Rant 38: Striving for success

Rant 38: Striving for success Lori Sauer, It's My Business, 2010. Paper. 33cm x 28.5cm x 1cm. Credit: Lori Sauer

Are art students too focused on business and professional practice, to the detriment of experimentation? Will this year's crop of new graduates have ambitions of success that cannot be attained? Joyce Cronin looks at the expectations of artists

Increasingly the degree show is treated like an art fair, often by the tutors more than the students. 

Is it the ability to sell your work that makes you a successful artist? Should tutors really encourage the commoditisation of art?

Thousands of fine art graduates leave Higher Education each year. Some will not pursue any kind of artistic career, others will push on in an attempt to ‘make it’, before the harsh reality sets in: that even many well known artists still have a day job, and gallery representation is difficult to secure and often comes at a high price.

Art operates on many different levels – community art, public art, art therapy, art in education and so on; commercial and public exhibitions are not the only practices for a successful artist.

It depends on how success is measured, and what the individual artist determines success to be - and that is subjective.

Or is it? Are the artists who don’t become household names failures?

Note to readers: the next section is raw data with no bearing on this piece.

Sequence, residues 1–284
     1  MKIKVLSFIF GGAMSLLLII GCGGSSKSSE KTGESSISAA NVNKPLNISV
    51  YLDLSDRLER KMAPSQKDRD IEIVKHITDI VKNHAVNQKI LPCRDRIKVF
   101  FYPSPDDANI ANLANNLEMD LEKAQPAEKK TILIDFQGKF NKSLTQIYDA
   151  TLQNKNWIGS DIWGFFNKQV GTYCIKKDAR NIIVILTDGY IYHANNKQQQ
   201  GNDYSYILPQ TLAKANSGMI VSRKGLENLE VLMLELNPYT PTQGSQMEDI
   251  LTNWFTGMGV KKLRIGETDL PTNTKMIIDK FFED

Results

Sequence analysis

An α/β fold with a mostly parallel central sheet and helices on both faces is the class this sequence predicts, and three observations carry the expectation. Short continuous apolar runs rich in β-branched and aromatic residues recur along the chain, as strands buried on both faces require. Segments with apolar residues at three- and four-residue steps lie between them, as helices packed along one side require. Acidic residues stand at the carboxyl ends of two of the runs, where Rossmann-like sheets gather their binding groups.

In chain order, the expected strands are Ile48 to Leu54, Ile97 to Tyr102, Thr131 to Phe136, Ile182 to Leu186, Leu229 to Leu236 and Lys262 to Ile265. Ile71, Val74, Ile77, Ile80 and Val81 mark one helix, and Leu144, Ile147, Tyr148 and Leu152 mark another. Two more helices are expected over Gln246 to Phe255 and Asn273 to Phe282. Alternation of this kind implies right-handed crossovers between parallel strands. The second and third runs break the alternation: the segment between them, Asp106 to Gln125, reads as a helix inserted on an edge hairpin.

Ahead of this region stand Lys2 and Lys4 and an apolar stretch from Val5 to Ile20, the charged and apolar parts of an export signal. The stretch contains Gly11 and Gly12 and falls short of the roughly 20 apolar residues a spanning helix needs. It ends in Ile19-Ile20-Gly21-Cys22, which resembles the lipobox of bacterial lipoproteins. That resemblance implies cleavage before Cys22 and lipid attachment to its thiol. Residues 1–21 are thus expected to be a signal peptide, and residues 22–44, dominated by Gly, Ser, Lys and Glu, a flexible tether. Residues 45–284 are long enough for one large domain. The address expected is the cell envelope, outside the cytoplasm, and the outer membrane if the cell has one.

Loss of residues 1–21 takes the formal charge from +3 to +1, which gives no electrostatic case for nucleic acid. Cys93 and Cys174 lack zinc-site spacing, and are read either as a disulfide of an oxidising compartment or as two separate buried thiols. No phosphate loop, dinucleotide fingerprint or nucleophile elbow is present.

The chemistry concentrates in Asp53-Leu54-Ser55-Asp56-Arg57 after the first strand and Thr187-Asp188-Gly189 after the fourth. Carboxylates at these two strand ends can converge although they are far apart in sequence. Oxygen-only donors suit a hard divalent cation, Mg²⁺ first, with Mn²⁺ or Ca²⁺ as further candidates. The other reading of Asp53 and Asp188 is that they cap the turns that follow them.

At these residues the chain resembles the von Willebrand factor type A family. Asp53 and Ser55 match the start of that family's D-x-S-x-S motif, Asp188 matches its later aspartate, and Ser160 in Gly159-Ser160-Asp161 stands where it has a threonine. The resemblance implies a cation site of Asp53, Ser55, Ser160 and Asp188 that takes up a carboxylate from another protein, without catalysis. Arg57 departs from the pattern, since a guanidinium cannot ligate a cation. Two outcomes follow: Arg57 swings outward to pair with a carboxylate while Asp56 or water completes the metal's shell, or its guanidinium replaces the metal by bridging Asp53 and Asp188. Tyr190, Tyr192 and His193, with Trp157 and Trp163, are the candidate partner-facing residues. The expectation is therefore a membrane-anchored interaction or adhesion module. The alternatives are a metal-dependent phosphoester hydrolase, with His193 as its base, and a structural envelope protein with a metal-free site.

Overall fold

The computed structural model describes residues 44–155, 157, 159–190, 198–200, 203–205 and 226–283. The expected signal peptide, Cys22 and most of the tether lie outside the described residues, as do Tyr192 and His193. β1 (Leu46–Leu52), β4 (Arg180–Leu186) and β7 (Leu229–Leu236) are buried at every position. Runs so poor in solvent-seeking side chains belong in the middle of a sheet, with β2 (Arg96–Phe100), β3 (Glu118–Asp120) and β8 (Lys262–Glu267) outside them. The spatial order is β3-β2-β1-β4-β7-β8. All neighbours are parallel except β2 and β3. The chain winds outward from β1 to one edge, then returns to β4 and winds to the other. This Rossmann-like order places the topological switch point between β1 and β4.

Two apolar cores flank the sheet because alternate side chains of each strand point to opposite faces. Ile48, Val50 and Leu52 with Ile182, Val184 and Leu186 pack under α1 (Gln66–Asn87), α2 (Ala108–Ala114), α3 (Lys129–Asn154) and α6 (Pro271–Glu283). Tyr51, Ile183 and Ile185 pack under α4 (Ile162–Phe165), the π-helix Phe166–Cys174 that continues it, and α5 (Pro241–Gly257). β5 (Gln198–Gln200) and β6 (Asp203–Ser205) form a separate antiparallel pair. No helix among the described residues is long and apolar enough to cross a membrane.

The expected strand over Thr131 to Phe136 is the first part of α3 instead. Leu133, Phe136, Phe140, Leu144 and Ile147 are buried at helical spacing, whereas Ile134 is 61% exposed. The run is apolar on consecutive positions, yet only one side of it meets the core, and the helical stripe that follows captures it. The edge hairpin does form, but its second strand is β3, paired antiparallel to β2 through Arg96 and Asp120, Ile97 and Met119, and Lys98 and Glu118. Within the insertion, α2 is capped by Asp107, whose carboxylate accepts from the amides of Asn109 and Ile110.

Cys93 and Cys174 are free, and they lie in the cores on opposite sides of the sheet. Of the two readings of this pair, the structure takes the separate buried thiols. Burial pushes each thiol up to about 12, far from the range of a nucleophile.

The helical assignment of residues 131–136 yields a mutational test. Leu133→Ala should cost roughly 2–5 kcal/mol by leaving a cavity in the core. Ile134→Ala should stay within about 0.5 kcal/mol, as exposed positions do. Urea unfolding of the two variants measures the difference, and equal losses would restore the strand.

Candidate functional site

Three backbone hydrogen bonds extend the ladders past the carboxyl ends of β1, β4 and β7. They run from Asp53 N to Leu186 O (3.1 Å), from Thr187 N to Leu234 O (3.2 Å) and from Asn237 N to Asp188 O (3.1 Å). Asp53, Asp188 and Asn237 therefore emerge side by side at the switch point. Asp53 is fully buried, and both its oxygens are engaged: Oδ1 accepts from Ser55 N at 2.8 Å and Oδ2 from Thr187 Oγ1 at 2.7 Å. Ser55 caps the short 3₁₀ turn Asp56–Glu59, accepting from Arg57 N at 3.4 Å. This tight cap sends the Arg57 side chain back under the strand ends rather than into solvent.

Why is art always so definitively measured in terms of success and failure, good and bad?

Whatever career path this year’s crop of artists choose to take, their art school will have produced a lot of other artists too, and increasingly, they are also learning professional development, networking, portfolio presentation, and commercial values.

Art has become a profession, but does being good at the business of art make good art?

Art school has stopped being a time of risk and experimentation – there are lectures, deadlines and interim shows - none of which leave the student time to be an artist, to develop a practice; that comes with time and experience.

Should the current prioritisation of professional skills in fine art teaching really be producing a generation of young artists who do not strive for success, but expect it?

Contributed by Joyce Cronin

Joyce Cronin is a gallery manager and freelance writer, project manager and fundraiser.

The views expressed in The Rant are those of Joyce Cronin and forum contributors and unless specifically stated are not those of Axisweb. See our terms and conditions


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